A VPS, or virtual private server, is a great place to start for personal and small business hosting projects. Virtual private server providers typically have a range of VPS hosting solutions that vary in hardware usage capacity, storage, and price. Choosing between the available VPS Plans can be a challenge for anyone who is new to hosting and unfamiliar with the technical requirements needed for their hosting project. A VPS is a great low-cost alternative to paying for dedicated hardware, whether you’re working on a website or creating a new gaming server.
VPS serves as the cost-effective middle ground between hosting on personal hardware and a dedicated server. Hosting on personal computers puts significant pressure on your hardware and limits your capacity for other computing tasks and projects. Hosting with a dedicated server, on the other hand, is expensive because you are often renting out time on top-of-the-line server hardware. In many cases, the customization options available on a dedicated server are not a necessity for hosting smaller and mid-range hosting projects.
A VPS starts as low as $6 a month but scales upwards in cost depending on the performance and technical capabilities of a particular instance. This article will cover some of the key differences between a hosting services provider’s VPS products and explain the uses for each tier of service. To start, let’s take a closer look at what a VPS is and how it works.
What is a Virtual Private Server?
A Virtual private server is a partitioned instance of a datacenter’s server hardware used for hosting. A single physical server often contains several VPS instances, each of which is utilized by a different end-user. Consumers who purchase a VPS can log in and configure hosting settings for their single partition, but don’t have control over the hardware. Instead, the hardware on which the VPS operates is managed by the web services provider. The server hardware is located in a secure, temperature-controlled environment to ensure that there are no downtimes.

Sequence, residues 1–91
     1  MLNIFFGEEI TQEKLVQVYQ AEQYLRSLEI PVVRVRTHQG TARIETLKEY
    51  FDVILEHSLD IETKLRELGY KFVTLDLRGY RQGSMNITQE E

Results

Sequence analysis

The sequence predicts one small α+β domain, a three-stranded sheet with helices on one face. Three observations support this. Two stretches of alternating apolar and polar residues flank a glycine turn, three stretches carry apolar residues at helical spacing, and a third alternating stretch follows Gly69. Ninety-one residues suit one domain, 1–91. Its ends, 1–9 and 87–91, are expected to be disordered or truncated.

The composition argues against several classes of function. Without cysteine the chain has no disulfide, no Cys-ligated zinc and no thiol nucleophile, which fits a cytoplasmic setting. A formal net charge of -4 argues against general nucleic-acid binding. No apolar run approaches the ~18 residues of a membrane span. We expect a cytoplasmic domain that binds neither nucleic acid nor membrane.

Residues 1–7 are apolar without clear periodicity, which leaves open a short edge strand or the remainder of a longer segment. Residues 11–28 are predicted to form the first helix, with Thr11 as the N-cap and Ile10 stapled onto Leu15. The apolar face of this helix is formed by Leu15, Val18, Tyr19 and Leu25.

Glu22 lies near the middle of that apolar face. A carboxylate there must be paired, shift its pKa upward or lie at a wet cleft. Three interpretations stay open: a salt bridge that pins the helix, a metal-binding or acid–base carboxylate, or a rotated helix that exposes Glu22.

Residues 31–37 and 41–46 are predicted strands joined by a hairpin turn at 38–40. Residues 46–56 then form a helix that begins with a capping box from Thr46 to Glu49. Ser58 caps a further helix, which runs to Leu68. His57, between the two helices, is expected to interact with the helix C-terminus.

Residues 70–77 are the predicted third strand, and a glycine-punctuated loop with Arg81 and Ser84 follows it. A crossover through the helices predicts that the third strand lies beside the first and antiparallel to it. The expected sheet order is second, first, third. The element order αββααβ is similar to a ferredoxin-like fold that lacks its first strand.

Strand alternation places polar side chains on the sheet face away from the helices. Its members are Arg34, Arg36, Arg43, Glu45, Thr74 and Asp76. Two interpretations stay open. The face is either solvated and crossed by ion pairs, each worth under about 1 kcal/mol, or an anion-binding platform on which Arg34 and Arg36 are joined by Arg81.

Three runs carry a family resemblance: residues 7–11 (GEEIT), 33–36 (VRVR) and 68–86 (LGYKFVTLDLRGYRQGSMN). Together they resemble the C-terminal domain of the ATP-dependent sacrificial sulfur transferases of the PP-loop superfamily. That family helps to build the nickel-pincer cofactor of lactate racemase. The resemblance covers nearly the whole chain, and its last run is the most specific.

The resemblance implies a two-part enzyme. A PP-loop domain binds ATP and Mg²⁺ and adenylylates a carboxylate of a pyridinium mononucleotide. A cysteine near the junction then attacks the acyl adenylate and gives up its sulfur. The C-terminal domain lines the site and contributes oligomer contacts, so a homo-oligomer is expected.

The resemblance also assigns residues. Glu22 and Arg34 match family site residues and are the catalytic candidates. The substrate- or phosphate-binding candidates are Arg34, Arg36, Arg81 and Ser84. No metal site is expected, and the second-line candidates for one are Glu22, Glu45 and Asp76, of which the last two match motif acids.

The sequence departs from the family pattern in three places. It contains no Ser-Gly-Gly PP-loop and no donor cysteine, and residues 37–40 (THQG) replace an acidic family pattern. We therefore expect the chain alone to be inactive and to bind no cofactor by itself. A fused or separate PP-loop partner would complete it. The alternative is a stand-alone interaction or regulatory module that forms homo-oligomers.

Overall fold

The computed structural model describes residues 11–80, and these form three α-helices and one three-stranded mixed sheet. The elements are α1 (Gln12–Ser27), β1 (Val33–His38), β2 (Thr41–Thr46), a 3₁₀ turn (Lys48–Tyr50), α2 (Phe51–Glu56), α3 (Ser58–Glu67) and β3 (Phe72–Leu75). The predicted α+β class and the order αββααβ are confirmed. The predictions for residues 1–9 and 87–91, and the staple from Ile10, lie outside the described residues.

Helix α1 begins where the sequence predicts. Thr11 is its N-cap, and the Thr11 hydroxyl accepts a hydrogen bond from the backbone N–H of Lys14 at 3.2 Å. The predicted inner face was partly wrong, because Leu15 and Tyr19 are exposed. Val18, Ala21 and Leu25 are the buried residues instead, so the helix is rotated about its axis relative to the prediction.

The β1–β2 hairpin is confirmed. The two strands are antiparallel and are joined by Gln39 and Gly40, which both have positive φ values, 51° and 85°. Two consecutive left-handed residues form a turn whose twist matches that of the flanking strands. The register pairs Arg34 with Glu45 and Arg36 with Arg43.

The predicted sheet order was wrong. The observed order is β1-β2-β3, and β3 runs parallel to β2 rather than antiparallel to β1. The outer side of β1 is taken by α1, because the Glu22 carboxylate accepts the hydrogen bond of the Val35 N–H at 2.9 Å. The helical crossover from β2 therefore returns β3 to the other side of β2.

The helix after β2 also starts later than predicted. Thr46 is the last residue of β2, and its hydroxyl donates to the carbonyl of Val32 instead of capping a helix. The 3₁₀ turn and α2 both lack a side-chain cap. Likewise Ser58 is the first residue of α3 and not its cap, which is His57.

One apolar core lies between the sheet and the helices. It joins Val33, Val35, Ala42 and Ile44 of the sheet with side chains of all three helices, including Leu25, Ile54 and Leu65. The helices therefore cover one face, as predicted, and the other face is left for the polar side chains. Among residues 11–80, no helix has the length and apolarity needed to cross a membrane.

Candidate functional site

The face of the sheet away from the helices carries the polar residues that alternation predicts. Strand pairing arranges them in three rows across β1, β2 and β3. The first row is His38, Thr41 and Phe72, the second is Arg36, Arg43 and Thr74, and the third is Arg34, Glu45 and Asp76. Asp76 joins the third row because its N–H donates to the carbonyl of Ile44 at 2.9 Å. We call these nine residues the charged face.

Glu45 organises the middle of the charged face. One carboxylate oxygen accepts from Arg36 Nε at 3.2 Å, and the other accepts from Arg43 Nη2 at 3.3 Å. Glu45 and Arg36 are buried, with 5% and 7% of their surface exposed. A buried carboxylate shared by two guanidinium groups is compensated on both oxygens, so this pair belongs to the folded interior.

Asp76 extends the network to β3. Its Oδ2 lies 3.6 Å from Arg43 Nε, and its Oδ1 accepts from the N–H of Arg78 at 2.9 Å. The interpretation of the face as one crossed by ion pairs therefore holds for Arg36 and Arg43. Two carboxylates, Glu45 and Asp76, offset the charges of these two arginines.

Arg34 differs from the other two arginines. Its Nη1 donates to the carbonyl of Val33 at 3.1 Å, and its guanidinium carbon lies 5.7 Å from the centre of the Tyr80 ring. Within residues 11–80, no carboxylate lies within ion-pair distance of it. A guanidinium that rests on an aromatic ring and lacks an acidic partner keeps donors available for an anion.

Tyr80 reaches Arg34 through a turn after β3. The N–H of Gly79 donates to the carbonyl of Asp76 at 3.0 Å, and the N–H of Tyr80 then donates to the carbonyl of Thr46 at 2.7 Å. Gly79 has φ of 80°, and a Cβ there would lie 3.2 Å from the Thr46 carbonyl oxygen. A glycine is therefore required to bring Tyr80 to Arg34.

Differences Between VPS Plans
A variety of technical specifications and limitations differentiate VPS in terms of cost. The hardware stays the same between these hosting plans, but the portion of the hardware dedicated for your use increases as the price does. As the number of users visiting your website or playing on your game server increases, you’ll need better technical specifications. Here are a few of the differentiating factors that help determine the price of a VPS.
Processor and Memory
Starter VPS plans, which are typically below 10$, have strict processors and memory utilization limitations that make them ideal for personal projects rather than for business uses. Web services providers list divisions in processor use with vCore, or voltage cores. Low-cost VPS plans typically start at 1vCore and move up to 8vCore. Because your VPS operates on high-end hardware, the smaller voltage core processor offerings still offer significant performance improvements when compared with average consumer hardware.